Silent Souls Weeping

“Depression thrives in secrecy but shrinks in empathy.” (Seth, as quoted in Silent Souls Weeping)

I finished listening to Jane Clayson Johnson’s Silent Souls Weeping: Depression–Sharing stories, Finding Hope. I LOVED IT. At first, it felt a little heavy, since I could relate to it so much, and I was looking for lighter reading. It wasn’t light reading! But as I went along, I felt comforted hearing other people’s stories. I especially was interested to read those of some people I really admired!

I actually didn’t finish reading the book after starting it, because I felt (hopefully!) inspired to give it away. Then last week when I was asked to speak to a group of adults in a church congregation about depression, the memory of this book came to my mind, and I remembered that I owned an audio version of it. I started listening right away! I really loved the audio version read by the author, who has suffered from clinical depression.

I think one of the most important messages from this book is how important it is that we share our stories. We need to know that we are not alone, and by sharing our stories, we can give hope to others who feel like they are struggling in darkness, feeling too weak to reach out or too embarrassed. We empower others when we ask for help or admit that we struggle with mental illness, just as anyone who is physically ill and needs help can only used get it if they ask for help.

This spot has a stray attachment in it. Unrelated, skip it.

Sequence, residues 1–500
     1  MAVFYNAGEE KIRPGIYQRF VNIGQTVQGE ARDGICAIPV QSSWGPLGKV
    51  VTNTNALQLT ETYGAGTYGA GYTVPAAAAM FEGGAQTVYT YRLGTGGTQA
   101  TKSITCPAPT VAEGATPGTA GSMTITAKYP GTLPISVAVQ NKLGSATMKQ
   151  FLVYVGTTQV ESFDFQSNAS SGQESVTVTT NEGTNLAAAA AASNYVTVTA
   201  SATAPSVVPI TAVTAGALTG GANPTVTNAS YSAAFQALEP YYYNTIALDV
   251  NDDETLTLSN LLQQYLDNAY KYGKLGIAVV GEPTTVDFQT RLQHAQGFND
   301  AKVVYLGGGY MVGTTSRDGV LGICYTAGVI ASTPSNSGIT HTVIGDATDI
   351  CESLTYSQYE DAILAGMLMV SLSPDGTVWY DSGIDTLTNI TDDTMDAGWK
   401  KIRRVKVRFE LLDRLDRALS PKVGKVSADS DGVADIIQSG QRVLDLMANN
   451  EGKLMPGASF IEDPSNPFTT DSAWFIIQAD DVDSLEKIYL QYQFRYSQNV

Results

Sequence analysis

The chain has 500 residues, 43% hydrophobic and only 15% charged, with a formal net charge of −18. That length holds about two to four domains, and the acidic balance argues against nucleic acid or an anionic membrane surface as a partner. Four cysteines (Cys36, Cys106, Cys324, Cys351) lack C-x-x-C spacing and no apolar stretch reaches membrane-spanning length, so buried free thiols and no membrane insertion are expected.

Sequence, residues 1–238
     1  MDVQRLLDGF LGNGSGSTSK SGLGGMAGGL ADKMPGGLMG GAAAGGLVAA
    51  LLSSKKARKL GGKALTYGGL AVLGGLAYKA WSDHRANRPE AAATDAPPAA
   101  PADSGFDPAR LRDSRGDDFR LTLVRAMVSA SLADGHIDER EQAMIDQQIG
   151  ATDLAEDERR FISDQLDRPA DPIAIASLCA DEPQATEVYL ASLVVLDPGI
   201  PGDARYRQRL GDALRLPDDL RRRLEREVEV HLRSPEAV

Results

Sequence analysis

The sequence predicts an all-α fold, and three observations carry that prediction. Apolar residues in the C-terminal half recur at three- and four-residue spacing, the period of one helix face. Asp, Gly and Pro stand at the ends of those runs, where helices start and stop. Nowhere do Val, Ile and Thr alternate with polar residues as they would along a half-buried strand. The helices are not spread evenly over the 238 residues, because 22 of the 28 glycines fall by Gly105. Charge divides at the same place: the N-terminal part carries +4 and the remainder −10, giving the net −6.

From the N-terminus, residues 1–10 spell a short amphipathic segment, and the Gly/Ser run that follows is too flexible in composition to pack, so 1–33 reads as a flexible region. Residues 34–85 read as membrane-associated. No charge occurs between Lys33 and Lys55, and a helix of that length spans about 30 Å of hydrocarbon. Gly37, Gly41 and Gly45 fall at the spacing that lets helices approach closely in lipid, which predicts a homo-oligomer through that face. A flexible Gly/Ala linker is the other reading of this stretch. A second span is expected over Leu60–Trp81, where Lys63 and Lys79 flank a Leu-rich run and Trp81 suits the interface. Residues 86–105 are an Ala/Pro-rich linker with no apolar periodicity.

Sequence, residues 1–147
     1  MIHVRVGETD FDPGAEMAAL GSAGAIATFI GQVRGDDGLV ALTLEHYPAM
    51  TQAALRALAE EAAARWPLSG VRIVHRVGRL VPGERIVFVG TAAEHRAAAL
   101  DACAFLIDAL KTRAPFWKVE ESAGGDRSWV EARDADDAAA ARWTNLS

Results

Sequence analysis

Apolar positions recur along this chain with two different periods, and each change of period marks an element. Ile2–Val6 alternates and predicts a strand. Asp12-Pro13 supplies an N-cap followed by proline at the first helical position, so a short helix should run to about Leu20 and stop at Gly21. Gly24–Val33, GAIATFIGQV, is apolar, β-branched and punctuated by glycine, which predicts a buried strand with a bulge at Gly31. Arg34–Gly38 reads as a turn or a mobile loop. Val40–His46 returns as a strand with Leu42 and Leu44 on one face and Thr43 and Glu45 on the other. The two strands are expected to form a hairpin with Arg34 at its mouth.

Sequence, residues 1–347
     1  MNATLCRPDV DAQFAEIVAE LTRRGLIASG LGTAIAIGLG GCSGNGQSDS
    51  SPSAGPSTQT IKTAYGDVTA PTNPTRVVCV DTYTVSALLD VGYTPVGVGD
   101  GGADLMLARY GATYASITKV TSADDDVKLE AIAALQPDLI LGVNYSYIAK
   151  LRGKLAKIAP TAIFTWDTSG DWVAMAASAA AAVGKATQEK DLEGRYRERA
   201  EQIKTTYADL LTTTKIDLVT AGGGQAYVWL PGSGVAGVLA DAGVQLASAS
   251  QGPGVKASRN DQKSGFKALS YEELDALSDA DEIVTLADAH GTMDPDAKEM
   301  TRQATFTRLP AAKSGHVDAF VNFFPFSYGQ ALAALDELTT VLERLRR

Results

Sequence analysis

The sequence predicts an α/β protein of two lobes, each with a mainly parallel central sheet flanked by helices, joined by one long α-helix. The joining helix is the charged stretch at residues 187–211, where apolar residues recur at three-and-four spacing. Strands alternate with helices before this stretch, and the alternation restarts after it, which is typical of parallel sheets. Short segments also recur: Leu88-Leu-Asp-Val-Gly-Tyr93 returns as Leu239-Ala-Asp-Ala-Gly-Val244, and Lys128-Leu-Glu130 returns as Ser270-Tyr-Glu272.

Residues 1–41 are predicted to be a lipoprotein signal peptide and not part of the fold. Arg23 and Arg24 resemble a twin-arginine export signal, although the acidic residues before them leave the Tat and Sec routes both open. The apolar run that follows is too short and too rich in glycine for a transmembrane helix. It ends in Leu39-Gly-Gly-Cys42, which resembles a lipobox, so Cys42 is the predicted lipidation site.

I was visiting with a friend this week and mentioned how I have struggled with anxiety at times. She looked so surprised and mentioned how she had similarly struggled. We are both cheerful people, and I recognized how easy it is to assume that people who look happy on the outside are possibly fighting a real inner battle to be cheerful in that moment or to have showed up at a church meeting or social event.

I’m excited to be preparing to discuss depression and anxiety with this church group. I am eager to learn more, to hear other people’s stories, to gather stories from those I know and love already who suffer from mental illness. Together, we are stronger and can float back up to the top like corks as we strengthen and comfort one another.

Have you read this book? What was your favorite quote? Which story helped you? Do you have a story that you feel could help someone else?

Note: This book is part of our Raising Amazing Children Friendship Library Project. To learn more about this project, click here.

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